Go to Radio Shack and get a $5 multimeter. Read up on how to use it, especially the DC Volts function.
The starter needs voltage across it to spin. Across it means + on the solenoid input terminal and - on the starter case. I like to use 10 Volts DC....use the 20V DC scale, Red on solenoid input terminal and black on starter case.....battery terminal voltage will be present initially.......whatever voltage you measured across your battery + and - terminal......12.75V give or take is a good number.
While holding the leads as you have them, have someone attempt to start the tractor and read the voltage during the process. It will take a couple of seconds to stabilize but when it does....while the starter is still turning, read 10V or more. If you don't have that much voltage it could be caused by your electrical circuit or the load on the starter caused by something binding.
Easy to push the clutch all the way in while doing the above which should eliminate most all mechanical related problems not engine proper related, if it causes the voltage to achieve that number.
Otherwise, assuming the swapped battery was in proper condition to do the job at the time, (a 2-300 Amp battery test to determine that would help.....on both batteries while you are at it....auto parts stores can test the batteries for you), you are chasing wiring problems.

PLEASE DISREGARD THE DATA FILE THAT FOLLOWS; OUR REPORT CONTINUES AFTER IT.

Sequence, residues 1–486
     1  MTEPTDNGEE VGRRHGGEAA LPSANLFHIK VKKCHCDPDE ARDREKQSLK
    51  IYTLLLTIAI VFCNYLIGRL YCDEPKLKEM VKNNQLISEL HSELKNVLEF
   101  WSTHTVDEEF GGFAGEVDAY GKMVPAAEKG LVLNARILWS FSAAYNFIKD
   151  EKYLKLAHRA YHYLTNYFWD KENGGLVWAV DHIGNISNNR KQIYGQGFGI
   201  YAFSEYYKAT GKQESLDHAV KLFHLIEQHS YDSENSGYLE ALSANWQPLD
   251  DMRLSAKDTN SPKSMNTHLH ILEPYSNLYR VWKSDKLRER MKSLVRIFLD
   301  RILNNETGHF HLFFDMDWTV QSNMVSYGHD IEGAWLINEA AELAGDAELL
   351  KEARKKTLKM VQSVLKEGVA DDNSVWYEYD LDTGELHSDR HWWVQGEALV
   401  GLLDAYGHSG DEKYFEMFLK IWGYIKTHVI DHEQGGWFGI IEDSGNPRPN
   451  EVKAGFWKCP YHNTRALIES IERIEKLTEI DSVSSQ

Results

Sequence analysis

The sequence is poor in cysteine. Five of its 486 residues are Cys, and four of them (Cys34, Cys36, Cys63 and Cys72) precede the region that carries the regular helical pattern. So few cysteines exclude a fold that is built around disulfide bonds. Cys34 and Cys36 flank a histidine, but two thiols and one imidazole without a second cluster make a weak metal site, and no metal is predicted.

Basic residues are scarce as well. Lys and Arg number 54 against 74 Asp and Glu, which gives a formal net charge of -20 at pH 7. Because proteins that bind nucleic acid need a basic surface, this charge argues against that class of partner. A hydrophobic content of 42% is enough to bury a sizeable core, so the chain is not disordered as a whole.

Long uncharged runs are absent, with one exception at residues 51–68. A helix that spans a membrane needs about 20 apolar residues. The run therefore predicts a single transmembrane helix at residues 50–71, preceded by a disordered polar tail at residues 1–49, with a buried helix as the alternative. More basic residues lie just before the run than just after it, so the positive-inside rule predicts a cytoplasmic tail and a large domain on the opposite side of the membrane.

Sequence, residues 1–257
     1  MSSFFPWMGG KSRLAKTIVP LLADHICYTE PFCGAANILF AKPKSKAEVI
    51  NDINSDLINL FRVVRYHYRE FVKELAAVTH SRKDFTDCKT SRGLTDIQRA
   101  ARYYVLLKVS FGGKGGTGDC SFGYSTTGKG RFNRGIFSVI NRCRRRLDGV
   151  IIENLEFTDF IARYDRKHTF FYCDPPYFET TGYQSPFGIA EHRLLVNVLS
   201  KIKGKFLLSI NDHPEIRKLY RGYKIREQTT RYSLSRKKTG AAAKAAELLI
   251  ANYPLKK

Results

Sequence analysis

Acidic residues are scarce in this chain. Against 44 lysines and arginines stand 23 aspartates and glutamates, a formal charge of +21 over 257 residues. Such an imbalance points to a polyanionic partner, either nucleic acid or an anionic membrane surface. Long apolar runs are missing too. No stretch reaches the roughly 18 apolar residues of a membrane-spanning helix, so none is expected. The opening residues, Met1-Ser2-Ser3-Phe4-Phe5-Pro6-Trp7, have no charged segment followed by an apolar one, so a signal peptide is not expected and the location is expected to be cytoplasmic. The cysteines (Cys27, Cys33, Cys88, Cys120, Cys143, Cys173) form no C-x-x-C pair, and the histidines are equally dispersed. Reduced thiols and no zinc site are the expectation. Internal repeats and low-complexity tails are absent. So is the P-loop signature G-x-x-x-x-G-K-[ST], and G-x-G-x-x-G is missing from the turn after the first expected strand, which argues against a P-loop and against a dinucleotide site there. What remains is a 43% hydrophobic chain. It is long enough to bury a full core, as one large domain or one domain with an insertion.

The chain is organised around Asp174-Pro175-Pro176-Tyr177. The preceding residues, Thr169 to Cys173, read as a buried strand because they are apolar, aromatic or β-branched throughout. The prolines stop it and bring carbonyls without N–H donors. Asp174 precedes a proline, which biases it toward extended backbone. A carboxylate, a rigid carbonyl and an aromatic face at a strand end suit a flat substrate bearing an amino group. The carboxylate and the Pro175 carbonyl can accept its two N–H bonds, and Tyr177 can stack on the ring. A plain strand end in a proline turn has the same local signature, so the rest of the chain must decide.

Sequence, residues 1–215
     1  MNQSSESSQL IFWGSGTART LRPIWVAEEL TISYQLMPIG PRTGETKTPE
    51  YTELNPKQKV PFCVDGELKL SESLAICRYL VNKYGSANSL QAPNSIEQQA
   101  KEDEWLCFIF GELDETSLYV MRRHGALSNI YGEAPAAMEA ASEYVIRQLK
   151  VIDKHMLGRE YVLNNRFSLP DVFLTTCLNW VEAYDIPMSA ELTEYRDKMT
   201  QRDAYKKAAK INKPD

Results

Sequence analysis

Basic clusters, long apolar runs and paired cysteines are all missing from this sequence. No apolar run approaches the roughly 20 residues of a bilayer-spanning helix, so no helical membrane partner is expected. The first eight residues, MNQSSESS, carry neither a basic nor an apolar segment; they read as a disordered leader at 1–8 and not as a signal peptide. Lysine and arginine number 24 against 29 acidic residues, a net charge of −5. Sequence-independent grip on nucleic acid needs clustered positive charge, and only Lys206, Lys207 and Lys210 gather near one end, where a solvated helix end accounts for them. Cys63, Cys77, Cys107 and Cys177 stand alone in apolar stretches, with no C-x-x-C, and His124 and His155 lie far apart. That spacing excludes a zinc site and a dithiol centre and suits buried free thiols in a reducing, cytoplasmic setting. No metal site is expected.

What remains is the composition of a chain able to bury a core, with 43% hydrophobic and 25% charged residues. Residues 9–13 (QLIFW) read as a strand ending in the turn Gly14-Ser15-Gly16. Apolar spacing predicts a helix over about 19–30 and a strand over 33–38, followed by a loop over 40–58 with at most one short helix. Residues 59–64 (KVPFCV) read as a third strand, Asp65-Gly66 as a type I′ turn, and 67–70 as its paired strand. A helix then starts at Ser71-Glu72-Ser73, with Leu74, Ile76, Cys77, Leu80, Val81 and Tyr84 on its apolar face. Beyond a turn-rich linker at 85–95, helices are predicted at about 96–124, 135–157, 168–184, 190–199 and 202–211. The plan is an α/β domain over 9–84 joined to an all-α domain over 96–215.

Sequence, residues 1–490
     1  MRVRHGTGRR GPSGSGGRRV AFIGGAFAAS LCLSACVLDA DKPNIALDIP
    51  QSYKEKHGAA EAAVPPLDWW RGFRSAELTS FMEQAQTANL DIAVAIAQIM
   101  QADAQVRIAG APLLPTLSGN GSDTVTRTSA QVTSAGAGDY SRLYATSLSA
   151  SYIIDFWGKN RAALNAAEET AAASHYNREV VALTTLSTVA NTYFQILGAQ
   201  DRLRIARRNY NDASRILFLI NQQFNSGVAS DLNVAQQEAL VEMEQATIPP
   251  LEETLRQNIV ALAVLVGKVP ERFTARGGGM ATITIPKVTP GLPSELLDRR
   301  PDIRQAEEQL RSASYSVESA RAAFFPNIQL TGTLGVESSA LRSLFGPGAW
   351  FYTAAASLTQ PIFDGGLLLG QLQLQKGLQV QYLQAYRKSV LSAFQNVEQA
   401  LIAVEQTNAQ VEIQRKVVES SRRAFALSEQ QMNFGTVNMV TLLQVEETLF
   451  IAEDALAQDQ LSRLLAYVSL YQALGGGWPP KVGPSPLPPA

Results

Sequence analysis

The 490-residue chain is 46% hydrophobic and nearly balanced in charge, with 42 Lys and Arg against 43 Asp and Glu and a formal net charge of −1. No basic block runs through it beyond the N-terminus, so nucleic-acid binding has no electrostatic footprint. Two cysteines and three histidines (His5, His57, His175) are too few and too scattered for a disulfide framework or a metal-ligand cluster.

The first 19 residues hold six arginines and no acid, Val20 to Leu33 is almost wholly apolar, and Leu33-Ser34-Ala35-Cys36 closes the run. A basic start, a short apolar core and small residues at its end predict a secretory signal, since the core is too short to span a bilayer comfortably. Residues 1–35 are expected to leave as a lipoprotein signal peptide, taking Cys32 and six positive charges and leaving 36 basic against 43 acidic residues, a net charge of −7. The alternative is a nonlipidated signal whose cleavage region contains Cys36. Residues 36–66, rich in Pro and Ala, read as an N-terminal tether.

A good place to start is where did you have your battery - lead connected before and where now? Did you move it in the split? If so, that is where I would start looking and you could use your voltmeter across connections to look for the smoking gun. The bad connection will have a volt to several volts across the joint.....like one lead on the battery terminal mounted under an interfacing bolt and the other lead to the ENGINE casting (paint scraped off, nice and shiny).
You could have paint or rust between the contact points that you didn't have before the split........I like to have my battery - lug under a starter mounting bolt which ensures it is in direct contact with the starter case....necessary for good high current conduction.
Otherwise, as can happen, something else decided to fail by coincidence, during your maintenance activity, in the cranking circuit and could be any component, any connection, or resistance that your depressing the clutch failed to catch......tranny shaft jammed in clutch disc too far forcing the clutch disc against the flywheel when it isn't supposed to be....clutch springs compressed, relieving pressure on disc, via clutch pedal.